Postpartum Psychosis is an episode of severe mental illness, which can occur very rapidly after a woman has given birth, even if they have no previous history of mental illness. The mother is most at risk of developing this illness in the first six weeks after she has given birth, but it can occur just hours after her baby is born.
Symptoms include: hallucinations; delusions; extremes of mood; racing thoughts; feeling very energetic or agitated; irritability; or problems sleeping. It’s a different illness to postnatal depression, both in terms of symptoms and severity.
Mothers may be worried that their baby might be taken away from them if they are suffering with this illness, but this very rarely happens. Instead, we offer support and treatment both for you and your family. If you suffer from Postpartum Psychosis, it is treatable and most women recover fully.
It is a rare illness, with about 1,400 mothers a year suffering – equal to one or two per thousand births. Because of its severity, Postpartum Psychosis is considered to be an emergency and if you, or a partner, daughter, sister or friend, experiences symptoms, it is important to seek help as soon as possible.
How to get support and advice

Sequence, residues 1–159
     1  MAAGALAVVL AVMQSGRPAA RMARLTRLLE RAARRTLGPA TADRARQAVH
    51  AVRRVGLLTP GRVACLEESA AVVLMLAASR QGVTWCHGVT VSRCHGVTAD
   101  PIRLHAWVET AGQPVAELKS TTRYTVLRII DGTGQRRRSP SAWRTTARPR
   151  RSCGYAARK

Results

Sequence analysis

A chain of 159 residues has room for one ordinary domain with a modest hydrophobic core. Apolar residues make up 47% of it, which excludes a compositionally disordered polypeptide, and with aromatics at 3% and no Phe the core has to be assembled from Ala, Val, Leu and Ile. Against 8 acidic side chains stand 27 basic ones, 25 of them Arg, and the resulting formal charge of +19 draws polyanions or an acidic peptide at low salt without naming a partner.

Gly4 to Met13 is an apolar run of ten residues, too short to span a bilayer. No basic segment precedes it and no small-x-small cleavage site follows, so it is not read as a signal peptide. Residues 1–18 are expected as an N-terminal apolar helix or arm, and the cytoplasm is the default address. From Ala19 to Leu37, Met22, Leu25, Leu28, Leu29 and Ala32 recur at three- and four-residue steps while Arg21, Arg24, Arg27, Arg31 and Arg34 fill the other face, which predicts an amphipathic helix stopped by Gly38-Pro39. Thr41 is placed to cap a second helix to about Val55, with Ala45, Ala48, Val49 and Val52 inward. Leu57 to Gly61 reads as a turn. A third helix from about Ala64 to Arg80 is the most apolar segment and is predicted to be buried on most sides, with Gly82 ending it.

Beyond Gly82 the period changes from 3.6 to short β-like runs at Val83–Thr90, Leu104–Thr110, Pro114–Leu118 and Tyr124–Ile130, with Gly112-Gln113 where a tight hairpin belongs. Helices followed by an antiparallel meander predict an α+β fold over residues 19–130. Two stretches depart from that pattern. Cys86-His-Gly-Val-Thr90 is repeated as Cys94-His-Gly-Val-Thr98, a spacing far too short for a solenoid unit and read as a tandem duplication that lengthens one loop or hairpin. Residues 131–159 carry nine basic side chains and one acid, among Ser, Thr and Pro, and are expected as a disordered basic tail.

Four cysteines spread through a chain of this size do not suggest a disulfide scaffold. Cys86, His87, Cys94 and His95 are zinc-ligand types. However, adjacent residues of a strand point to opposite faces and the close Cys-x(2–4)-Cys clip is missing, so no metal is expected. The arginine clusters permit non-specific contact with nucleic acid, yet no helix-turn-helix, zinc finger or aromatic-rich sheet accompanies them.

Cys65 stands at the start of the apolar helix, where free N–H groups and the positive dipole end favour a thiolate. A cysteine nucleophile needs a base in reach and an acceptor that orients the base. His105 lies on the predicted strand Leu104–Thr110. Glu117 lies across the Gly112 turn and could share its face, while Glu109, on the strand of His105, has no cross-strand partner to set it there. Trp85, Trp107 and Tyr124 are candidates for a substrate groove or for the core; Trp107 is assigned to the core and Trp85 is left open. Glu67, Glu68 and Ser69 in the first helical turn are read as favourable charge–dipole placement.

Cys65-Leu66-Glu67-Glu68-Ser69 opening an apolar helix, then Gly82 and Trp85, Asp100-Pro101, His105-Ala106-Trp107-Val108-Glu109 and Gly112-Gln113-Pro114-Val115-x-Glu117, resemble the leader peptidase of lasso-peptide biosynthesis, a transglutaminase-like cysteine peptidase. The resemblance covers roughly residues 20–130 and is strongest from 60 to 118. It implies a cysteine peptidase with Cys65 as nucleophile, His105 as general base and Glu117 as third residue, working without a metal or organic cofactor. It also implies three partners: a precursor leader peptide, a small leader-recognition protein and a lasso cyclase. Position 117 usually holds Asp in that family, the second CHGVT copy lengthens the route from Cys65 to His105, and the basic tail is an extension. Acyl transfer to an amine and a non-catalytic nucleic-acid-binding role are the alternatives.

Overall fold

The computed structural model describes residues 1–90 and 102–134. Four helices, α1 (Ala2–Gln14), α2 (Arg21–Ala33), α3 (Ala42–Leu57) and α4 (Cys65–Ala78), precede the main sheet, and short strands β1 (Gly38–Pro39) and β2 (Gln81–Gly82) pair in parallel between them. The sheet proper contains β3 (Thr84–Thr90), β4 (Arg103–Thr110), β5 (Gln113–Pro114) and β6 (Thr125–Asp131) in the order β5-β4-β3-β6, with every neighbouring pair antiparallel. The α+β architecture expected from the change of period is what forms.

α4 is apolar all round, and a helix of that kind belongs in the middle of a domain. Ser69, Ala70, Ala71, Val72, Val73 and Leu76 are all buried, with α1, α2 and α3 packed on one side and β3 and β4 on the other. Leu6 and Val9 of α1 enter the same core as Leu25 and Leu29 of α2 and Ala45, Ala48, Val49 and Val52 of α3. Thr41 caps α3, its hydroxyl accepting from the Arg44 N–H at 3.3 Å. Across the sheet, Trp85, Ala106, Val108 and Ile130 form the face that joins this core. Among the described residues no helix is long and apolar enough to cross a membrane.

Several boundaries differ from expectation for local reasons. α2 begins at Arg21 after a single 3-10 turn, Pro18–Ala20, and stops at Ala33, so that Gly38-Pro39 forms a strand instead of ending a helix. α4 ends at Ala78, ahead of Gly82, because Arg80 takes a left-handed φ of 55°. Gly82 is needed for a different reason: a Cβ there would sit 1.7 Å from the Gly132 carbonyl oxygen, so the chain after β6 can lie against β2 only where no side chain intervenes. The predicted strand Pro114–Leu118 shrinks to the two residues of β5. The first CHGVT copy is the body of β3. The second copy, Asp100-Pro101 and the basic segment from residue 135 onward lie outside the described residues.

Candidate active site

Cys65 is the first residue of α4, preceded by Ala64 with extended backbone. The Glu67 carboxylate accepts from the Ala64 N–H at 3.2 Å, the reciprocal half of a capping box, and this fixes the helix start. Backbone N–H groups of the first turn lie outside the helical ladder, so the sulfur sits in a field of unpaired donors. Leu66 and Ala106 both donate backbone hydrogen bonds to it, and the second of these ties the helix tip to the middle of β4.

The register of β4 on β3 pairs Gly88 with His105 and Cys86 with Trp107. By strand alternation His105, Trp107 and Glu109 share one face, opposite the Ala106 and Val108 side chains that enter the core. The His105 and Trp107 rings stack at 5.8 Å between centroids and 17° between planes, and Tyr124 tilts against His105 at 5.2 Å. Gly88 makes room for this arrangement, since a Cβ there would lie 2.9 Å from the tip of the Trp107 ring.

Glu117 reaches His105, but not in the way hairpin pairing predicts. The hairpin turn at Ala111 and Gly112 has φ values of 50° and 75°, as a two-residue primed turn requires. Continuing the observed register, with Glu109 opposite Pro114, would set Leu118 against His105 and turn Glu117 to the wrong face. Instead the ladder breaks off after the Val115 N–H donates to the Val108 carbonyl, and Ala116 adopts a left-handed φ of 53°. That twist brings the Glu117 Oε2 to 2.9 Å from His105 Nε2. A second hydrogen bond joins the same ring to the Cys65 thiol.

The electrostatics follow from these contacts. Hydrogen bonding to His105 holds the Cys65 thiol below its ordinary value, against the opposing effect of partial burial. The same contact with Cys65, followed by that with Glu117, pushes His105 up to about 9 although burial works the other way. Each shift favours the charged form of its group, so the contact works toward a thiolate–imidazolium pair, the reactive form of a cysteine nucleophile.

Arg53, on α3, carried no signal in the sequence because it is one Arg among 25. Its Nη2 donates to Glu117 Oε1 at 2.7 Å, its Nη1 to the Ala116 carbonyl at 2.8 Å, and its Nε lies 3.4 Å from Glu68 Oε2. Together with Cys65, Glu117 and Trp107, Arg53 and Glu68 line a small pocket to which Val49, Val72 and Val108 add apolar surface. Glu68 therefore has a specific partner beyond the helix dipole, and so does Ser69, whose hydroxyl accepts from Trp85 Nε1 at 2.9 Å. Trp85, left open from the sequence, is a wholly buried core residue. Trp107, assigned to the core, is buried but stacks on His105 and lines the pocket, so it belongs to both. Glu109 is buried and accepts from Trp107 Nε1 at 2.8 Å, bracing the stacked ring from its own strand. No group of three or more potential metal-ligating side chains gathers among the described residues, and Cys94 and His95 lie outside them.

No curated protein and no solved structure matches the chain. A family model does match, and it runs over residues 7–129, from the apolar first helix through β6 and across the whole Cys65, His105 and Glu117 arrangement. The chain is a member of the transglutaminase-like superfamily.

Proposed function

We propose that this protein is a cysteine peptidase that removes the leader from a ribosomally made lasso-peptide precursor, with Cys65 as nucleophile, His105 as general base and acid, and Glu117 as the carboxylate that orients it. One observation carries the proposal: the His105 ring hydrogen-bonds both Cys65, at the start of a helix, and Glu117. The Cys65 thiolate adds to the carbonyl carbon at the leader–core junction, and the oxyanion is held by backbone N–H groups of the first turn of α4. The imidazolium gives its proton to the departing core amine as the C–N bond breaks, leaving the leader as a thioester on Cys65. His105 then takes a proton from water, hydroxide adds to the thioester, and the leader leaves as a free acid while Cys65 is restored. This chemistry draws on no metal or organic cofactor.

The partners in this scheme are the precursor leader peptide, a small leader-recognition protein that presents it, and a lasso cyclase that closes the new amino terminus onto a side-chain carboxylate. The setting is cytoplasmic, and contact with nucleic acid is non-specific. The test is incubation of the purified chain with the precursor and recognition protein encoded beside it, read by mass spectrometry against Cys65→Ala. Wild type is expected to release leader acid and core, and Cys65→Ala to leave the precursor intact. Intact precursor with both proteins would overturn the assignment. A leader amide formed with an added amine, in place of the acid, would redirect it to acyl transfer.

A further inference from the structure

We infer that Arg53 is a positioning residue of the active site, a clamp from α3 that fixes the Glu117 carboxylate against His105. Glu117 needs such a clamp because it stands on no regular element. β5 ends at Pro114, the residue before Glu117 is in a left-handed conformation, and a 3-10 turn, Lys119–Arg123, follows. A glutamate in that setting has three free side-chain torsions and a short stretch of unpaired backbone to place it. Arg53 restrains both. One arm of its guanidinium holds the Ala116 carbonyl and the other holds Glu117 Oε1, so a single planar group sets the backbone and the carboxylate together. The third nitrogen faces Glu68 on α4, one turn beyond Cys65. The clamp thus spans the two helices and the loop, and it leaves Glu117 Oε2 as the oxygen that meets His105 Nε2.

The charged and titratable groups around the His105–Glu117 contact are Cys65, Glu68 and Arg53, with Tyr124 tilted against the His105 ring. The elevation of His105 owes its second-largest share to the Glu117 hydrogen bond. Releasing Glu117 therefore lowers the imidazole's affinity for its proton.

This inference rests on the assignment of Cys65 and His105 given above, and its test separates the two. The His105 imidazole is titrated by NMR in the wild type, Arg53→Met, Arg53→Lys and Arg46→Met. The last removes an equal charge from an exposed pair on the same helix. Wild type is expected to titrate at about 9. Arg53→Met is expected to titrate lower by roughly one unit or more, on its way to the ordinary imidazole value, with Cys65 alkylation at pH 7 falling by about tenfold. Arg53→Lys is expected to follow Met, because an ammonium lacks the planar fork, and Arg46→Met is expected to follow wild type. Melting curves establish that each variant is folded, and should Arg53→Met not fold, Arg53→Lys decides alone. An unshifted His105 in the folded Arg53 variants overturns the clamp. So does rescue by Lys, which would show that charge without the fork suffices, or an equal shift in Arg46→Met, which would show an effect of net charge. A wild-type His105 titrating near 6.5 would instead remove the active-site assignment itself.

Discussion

You can speak to your GP, midwife or health visitor if you are experiencing mental health issues either during pregnancy or after birth.
Let’s Talk offers support for anyone experiencing mental health conditions such as depression and anxiety. Ring 0800 073 2200 or visit www.talkghc.nhs.uk
Action on Postpartum Psychosis (APP) is a specialist support network, offering support and advice. www.app-network.org
MIND is a mental health charity, which offers information and support to people experiencing mental health problems. www.mind.org.uk
PANDAS support anyone, including fathers and partners, suffering from pre (antenatal) and postnatal illnesses, including postpartum psychosis. Their helpline is open from 9am-8pm (including weekends) on 0843 2898401 or visit www.pandasfoundation.org.uk
By Dr Sally Morgan, Consultant Psychiatrist at 2gether NHS Foundation Trust